On the heels of a flurry of diplomatic proclamations condemning the cruelty of the dolphin drive hunts in Japan, a Scottish member of Parliament has joined the refrain and issued a statement to encourage her colleagues to take up action against the hunts.
In her statement and motion lodged in the Scottish Parliament on February 21st, Alison McInnes said:
“I hope that MSPs will join my calls to both the UK and the Scottish government to pursue this issue unequivocally with the Japanese government. For years many in the international community have watched on with horror as thousands of dolphins have been subject to brutal and inhumane treatment at the port of Taiji. The heart-wrenching process has seen dolphins killed or captured, many slaughtered for their meat or sold to aquariums where they are held captive for the rest of their lives. The British Ambassador to Japan Tim Hitchens and many others have taken the step to publicly condemn this practice and I hope parliament will take the opportunity to make its voice heard.”
Other statements have been issued from a member of the Romanian Parliament, US Ambassador to Japan, British Ambassador to Japan, the German Agriculture Minister, Australian Minister of the Environment, and Italian Ambassador to Japan.
We are used to attention to the drive hunts escalating when a large number of bottlenose dolphins are herded into the cove, or a ‘novelty’ turns up in the fishermen’s nets and the media takes note of the issue, such as the recent capture of a young albino dolphin, or the four-finned dolphin taken in 2006. Many are mistaken to think that the drive hunts only occur when the media decides to pick up on them. However, the drive hunts begin in September each year and can extend through April or even into May, and regardless of whether the media takes notice.
More importantly, these are not the only hunts that occur around the coastline of Japan. When not engaged in the drive hunts, the fishermen in Taiji also participate in harpoon hunts and small type coastal whaling for dolphins, false killer whales and pilot whales. These harpoon hunts also occur elsewhere in Japan, effectively ensuring that Japan’s dolphins are assaulted and traumatized almost year-round by various hunting methods over the seasons. In fact, the total quota for all small whale and dolphin species allowed to be taken by all hunting methods (harpoon, drive hunts, and coastal whaling) in Japan for 2013-2014 is 16,497 individuals.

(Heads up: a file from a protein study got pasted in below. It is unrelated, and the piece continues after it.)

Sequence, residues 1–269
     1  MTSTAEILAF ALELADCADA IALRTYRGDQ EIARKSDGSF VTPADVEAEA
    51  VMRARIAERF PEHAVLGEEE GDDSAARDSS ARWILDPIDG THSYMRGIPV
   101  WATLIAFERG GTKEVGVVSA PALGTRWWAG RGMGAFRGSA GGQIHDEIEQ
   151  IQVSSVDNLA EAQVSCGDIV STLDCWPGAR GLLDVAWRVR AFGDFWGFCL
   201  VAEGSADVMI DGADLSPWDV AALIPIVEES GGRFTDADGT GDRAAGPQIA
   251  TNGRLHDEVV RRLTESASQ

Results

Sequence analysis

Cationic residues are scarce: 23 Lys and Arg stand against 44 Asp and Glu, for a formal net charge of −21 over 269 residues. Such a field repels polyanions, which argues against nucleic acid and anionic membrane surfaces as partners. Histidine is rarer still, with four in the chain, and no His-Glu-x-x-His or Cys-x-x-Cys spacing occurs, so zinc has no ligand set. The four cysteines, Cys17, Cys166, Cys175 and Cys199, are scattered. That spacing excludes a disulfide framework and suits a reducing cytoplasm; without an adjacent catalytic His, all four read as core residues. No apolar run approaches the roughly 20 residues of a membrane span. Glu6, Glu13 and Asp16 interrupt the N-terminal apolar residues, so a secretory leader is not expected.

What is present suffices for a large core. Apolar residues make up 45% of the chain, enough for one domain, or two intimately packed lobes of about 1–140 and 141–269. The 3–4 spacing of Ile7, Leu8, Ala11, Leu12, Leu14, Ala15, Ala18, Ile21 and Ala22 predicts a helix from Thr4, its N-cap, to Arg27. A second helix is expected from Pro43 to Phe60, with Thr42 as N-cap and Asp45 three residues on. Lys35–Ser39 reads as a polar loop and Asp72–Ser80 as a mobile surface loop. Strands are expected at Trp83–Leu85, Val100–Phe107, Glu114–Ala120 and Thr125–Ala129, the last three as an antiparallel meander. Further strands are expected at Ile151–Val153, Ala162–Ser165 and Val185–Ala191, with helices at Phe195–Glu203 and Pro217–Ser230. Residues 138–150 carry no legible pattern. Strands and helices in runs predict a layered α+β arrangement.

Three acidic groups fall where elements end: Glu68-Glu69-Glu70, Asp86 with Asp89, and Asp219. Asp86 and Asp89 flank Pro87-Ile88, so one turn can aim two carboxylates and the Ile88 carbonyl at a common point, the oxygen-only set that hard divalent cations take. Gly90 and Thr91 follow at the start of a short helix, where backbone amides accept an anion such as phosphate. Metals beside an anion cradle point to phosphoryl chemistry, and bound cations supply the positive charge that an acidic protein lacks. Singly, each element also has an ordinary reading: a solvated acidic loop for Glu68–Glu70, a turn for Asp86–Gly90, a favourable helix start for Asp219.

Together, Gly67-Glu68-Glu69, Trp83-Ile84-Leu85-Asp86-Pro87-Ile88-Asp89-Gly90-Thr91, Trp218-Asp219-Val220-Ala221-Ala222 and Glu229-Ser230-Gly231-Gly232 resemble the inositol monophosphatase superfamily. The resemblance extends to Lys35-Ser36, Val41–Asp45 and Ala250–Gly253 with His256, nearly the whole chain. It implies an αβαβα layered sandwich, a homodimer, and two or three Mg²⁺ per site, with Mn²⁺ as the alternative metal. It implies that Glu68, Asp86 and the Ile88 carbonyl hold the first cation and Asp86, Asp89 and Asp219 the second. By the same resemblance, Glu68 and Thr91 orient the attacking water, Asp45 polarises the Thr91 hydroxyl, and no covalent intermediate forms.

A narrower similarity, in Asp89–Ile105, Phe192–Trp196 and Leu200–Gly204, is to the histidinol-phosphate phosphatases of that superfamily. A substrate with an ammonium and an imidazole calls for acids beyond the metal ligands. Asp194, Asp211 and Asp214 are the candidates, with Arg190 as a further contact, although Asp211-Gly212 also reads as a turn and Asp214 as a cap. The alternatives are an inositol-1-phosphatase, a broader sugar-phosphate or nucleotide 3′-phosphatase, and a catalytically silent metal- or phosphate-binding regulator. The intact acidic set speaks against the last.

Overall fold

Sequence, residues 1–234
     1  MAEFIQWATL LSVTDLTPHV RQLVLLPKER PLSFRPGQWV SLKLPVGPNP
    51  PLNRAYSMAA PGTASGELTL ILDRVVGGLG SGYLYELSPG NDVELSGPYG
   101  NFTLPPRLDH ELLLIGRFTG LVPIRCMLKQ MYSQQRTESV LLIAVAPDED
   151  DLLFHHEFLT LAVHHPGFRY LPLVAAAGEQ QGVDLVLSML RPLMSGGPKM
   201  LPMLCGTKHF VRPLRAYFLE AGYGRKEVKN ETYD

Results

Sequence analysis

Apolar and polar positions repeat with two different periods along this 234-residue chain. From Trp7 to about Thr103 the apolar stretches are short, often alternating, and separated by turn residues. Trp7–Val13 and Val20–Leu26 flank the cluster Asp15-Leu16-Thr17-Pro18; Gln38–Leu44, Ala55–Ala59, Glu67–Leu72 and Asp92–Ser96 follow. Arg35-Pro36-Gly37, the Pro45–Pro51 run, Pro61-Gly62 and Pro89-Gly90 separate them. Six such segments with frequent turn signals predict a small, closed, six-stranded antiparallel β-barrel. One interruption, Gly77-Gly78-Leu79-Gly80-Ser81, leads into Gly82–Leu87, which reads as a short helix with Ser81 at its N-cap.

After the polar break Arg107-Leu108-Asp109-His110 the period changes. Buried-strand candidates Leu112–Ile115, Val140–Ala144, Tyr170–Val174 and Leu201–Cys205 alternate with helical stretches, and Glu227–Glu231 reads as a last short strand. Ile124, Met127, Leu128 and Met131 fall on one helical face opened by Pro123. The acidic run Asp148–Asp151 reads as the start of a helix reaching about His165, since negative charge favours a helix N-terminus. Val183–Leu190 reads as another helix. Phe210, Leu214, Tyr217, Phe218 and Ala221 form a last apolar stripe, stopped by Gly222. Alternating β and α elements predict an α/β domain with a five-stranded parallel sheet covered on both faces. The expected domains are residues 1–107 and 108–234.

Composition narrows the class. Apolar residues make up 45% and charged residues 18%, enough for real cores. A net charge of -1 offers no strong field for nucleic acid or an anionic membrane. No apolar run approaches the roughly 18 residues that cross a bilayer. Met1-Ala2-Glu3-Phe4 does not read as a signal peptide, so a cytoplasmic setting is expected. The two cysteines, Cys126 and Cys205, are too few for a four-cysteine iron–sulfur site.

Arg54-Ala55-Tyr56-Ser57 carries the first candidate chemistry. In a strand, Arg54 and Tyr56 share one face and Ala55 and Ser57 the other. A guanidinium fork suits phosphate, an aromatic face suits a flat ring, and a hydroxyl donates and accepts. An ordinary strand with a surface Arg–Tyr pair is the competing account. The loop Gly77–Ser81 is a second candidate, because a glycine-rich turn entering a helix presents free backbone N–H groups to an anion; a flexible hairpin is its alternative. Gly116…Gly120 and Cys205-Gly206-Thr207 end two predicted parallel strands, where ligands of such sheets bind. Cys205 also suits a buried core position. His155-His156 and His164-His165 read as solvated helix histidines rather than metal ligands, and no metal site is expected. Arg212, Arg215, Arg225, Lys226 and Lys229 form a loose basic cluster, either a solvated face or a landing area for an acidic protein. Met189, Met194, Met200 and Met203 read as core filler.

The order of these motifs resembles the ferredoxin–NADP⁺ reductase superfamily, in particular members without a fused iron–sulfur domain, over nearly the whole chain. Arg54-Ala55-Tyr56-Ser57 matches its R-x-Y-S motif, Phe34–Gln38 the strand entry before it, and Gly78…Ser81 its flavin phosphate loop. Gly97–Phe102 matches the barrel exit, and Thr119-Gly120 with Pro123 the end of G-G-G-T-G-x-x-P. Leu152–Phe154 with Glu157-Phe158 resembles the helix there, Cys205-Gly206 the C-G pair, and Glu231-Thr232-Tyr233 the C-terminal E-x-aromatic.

We have become accustomed to the media cycle covering the dolphin hunts waxing and waning over the years, as we have supported on-the-ground documentation of the hunts well before the release of The Cove with representatives of WDC traveling to Taiji, and through our support of individuals like Hardy Jones who has been exposing the drive hunts in Japan since the early 1980s. It is difficult to maintain the focus on these atrocities in the midst of other global chaos, and as attention to these hunts peaks during this time of higher profile, we must make the most of the opportunity to forge a permanent political dialogue on this issue.
We hope this time is different, and that the political attention being paid to the drive hunts will keep these hunts at the forefront of not only media attention, but policy makers’ agendas. We all must seek to harness this unprecedented attention within political circles to not only expose these hunts, but formulate concrete actions that governments can take to protect dolphins in their own waters, and encourage the Government of Japan to honestly address all unsustainable and cruel dolphin hunts that occur in its coastal waters. Currently, dolphins fall through the cracks of any existing protective legislation in Japan, including fisheries management, animal welfare, and even hunting regulations. Why are dolphins exempted from even the most basic of regulatory considerations in Japan?
With these higher profile political voices joining the overwhelming public refrain, there is an opportunity to encourage a mosaic of proactive governmental action at the national and international level against the directed hunts of dolphins all over the globe, and within a variety of fora. Drive hunts occur primarily in Japan, the Faroe Islands, and the Solomon Islands, but opportunistic and other hunting of dolphins, such as for shark bait in Peru, occurs all over the globe and with no less horrific methods than those being used in Taiji.
There is no doubt that the movie, The Cove, has done a great deal to raise awareness of these hunts and instigate a groundswell of public sentiment against them, but what is even more important is the longer term work that is required to change perceptions and attitudes within Japan, and the legal frameworks that support dolphin hunting. It will take collective political will to issue more than a statement condemning the drive hunts—we seek the longer term resolve and commitment from international governments to work within their legislative capacities and diplomatic networks to increase protections for dolphins worldwide and end all dolphin hunts for good.